When it comes to antique furniture, most devotees will concede to having a favourite genre, but none I have spoken to express a profound dislike for any. It’s therefore somewhat surprising that one of England’s most famous and highly accomplished designers of the late eighteenth-century, Thomas Sheraton, had an apparent disdain for longcase clocks.
In The Cabinet-maker and Upholsterer’s Drawing-Book (the three editions, published in 1793, 1794 and 1802), Sheraton engages the reader for over thirteen pages on the decoration, of all things, a State Bed, but in reference to the two abundantly ornate longcase clocks illustrated in Plate 29, he wasted not one epithet on them, merely stating they “… require no explanations; they are therefore omitted.“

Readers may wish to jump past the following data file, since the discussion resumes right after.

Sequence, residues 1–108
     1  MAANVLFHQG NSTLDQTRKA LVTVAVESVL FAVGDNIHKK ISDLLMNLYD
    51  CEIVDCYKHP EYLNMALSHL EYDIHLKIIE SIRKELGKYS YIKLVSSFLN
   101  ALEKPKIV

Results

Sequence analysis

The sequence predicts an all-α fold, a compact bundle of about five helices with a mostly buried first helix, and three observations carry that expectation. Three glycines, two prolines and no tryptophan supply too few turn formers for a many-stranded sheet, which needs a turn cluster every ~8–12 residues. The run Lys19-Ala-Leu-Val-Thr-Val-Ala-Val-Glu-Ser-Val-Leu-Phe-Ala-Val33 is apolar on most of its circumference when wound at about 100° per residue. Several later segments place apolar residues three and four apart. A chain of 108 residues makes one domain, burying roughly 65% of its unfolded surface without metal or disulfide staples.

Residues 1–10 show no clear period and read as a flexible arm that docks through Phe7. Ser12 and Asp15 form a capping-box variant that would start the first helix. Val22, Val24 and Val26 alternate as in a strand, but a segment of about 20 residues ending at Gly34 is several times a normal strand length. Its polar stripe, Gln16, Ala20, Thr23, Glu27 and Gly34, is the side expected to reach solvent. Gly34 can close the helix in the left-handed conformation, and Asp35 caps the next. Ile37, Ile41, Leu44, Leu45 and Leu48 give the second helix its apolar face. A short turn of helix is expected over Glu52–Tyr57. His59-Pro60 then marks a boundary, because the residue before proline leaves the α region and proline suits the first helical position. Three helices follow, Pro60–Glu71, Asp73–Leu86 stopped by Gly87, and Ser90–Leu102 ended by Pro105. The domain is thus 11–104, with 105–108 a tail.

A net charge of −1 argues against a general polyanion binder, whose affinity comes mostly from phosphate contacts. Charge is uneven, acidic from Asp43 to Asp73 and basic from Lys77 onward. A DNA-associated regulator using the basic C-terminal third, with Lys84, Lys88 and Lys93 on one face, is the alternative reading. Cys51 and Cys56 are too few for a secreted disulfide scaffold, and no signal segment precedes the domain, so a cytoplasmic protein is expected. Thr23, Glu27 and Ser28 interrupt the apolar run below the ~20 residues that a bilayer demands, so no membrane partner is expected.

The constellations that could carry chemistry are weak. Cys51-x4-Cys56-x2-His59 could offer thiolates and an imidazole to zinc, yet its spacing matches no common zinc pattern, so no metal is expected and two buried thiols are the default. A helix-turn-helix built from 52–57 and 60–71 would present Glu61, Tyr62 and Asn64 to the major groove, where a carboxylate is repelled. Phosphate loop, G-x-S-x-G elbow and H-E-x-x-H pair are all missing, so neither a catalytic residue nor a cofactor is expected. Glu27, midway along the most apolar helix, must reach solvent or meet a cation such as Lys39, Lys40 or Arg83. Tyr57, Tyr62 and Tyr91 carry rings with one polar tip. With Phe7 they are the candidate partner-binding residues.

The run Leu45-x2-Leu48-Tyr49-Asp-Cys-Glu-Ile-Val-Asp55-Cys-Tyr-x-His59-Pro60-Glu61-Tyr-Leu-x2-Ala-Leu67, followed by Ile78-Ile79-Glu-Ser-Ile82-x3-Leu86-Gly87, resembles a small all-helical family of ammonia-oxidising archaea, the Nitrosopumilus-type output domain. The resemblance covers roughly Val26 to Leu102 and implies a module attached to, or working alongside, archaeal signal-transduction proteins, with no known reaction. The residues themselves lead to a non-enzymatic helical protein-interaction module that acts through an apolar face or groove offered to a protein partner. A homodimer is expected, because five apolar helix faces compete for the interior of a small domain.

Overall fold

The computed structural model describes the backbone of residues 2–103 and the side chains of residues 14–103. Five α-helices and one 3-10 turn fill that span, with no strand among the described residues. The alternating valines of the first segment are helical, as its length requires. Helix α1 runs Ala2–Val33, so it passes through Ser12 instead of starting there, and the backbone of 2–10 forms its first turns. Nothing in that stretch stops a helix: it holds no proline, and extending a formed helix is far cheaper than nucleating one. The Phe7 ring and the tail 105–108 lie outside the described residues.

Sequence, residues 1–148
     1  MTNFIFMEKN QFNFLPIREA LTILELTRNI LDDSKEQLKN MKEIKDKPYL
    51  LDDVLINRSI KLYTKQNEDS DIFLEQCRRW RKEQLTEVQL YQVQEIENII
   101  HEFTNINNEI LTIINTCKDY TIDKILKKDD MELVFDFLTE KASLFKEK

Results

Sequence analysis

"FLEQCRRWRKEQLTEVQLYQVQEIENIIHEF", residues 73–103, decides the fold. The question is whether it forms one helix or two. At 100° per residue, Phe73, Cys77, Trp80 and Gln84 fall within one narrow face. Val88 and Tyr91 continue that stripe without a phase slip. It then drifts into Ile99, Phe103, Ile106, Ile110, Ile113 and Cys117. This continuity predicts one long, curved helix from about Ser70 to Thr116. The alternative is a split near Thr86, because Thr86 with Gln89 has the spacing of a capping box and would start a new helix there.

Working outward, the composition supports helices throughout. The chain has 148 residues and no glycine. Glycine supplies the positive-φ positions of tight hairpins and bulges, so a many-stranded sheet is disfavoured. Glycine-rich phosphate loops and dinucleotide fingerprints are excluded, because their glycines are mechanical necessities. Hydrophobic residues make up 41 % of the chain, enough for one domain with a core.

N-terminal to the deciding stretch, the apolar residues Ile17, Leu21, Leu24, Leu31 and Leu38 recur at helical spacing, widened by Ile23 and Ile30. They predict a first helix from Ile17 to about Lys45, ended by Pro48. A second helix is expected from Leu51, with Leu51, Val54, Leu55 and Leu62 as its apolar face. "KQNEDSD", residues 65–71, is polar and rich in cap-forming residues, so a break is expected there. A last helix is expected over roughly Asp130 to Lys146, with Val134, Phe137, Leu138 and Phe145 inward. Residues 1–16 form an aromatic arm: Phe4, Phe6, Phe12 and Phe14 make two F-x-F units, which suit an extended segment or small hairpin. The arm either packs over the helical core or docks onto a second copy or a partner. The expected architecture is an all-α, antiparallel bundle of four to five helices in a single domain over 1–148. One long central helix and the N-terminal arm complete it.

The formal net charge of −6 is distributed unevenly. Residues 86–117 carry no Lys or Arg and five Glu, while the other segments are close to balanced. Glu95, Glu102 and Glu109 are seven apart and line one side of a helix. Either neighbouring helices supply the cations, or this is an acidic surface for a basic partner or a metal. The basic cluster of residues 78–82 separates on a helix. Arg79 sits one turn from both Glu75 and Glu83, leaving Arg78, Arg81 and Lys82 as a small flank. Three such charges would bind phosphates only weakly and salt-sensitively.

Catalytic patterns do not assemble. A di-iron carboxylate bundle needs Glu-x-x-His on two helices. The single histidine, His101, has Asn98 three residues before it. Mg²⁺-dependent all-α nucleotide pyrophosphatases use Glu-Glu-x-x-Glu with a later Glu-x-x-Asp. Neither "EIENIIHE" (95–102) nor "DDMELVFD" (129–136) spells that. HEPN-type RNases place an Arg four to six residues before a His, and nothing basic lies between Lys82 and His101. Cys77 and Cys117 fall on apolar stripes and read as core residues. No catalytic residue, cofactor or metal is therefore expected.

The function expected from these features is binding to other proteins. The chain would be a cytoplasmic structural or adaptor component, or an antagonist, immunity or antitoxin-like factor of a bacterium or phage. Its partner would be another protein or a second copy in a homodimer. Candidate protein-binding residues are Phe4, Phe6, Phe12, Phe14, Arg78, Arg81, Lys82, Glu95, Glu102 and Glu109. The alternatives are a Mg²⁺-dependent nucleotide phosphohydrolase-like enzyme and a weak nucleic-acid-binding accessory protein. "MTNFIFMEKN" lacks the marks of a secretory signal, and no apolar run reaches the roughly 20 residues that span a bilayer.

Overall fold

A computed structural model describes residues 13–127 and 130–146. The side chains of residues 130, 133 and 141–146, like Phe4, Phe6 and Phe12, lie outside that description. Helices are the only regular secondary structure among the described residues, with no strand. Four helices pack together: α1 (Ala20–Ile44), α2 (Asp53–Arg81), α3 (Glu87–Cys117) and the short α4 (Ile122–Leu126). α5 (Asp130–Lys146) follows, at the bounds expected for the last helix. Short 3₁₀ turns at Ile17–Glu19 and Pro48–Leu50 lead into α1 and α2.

In his latter years, Sheraton was ordained a Baptist lay minister and yet despite his well subscribed and not insignificant publications, he was a self-assertive, mean and impoverished individual.
The year following the last publication of his Drawing Book, Sheraton made the remarkable claim that longcase clocks were largely out of fashion in all but rural areas and again, omitted them from his 1803 publication, The Cabinet Dictionary.
 Presumably Sheraton’s incomplete magnum opus, The Cabinet Maker, Upholsterer and General Artists’ Encyclopedia, begun in 1804.
 Thomas Sheraton, The Cabinet Dictionary Containing an Explanation of all the Terms Used in the Cabinet, Chair and Upholstery Branches, W. Smith, London, 1803, p. 336.